Participants even took on the challenge of running an experiment across time zones and borders when they were tasked with creating a magnetohydrodynamic drive – a device that causes water to flow through the use of a battery, magnets, and wires. The students set up the devices in their own homes and set out to compare how various factors would affect the rate of water flow.
“I’m glad we had hands-on activities where we can still experiment and try to find out what’s going on,” Gorti said. “It’s not just all virtual, so it’s nice.”
Ólin Costa, a 17-year-old from Brasília, Brazil, appreciated the “Reflect and Review” and “Life as a Physicist” sessions, which provided students a chance to chat with expert physicists on a variety of topics.
Costa plans to take his newfound problem-solving techniques and use them to help tutor other students at his school through a program called Project Feynman. “Our main goal was to have other students from our school get the grades they needed to finish the school year,” Costa explained. “So we started by recording classes to YouTube and giving review classes before tests.”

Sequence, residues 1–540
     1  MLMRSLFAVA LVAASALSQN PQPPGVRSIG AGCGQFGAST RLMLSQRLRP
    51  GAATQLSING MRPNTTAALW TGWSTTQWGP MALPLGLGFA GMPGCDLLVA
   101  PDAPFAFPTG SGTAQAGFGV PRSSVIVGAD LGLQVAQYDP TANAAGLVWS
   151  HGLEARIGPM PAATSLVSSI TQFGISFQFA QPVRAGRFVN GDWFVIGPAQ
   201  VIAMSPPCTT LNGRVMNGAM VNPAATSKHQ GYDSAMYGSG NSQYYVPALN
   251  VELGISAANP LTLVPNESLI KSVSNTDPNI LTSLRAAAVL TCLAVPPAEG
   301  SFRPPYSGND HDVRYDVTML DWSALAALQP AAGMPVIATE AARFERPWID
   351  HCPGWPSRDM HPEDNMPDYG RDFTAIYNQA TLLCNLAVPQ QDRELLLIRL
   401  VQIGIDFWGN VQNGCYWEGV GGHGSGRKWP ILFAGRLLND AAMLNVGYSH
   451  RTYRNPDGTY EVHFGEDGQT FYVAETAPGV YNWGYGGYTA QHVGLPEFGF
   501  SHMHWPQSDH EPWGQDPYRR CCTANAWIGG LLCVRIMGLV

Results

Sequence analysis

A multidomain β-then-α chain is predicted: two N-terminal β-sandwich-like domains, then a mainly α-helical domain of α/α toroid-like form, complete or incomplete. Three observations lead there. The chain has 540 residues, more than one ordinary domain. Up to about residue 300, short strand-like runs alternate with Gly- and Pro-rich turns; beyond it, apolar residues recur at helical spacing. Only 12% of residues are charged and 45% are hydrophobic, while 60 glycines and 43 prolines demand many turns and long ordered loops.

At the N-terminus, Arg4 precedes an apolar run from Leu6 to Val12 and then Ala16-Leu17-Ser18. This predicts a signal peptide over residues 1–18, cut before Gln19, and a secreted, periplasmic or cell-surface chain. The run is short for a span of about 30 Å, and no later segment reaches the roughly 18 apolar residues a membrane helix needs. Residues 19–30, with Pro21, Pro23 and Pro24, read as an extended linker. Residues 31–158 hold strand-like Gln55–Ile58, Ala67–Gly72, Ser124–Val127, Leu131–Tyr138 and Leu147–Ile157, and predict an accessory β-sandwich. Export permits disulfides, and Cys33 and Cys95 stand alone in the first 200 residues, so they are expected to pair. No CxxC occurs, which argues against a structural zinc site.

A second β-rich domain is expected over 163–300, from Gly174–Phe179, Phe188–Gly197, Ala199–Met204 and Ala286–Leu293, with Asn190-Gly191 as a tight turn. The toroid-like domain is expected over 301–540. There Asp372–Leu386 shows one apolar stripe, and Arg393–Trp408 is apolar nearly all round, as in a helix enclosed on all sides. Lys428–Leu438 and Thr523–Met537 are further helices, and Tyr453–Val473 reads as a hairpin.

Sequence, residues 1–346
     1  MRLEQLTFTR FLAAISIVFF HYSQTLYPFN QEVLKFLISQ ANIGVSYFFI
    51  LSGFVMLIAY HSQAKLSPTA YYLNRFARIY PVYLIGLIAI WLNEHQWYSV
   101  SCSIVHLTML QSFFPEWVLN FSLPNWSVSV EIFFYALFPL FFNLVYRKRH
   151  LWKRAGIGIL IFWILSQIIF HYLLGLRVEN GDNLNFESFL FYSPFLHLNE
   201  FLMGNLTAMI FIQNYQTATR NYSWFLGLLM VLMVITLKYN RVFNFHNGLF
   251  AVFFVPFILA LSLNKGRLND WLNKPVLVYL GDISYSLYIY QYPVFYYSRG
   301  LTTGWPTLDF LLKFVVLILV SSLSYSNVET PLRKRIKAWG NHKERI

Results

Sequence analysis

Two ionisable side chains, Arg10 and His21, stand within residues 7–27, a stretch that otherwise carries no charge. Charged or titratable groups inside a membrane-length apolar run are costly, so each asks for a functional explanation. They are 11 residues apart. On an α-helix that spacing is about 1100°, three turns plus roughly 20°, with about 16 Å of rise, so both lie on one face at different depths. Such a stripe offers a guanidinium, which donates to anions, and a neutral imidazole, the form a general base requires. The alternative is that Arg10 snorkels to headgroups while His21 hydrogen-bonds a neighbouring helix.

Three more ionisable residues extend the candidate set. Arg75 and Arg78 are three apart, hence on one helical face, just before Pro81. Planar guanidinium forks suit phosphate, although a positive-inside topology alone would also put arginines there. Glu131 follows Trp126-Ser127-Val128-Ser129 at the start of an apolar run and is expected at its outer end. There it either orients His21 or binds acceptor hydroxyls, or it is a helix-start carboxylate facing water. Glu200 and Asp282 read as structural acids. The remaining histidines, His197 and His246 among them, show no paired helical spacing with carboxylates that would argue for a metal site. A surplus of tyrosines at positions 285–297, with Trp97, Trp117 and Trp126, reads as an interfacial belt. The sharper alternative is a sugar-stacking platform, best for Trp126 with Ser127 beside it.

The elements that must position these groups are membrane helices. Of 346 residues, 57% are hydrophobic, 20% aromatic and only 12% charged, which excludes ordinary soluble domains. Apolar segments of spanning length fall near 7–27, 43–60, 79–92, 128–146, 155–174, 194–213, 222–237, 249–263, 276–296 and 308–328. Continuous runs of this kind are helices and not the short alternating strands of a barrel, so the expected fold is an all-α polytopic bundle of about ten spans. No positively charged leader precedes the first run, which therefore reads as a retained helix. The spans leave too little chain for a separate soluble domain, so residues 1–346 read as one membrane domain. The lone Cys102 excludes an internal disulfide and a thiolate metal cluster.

With the pandemic affecting in-person classes, Costa says Project Feynman has ramped up to help fill in the gaps: “Since the quarantine started, we have, I think, more than 200 videos recorded for the project.” In his role as a physics tutor, he said, “The knowledge which I got here in ISSYP will certainly help me to improve my classes, and help me to help people.”
For Noa P., ISSYP has cemented her desire to study physics in the future. “I’ve always known that I’ve been interested in physics, but I felt like all of this – all of the content that we’ve learned – has been so exciting and intriguing that I want to pursue it even more,” she said. “I’m just so curious and excited about it. And the extent to which that level of curiosity has gone up is immeasurable.”
Near the end of the program, students were once again grouped together in breakout rooms and asked what advice they would give to future ISSYP participants. “Don’t be afraid to ask questions,” said one group. “Don’t be afraid to learn something new, even if it might seem daunting.”
RBC Foundation is the Presenting Partner of ISSYP.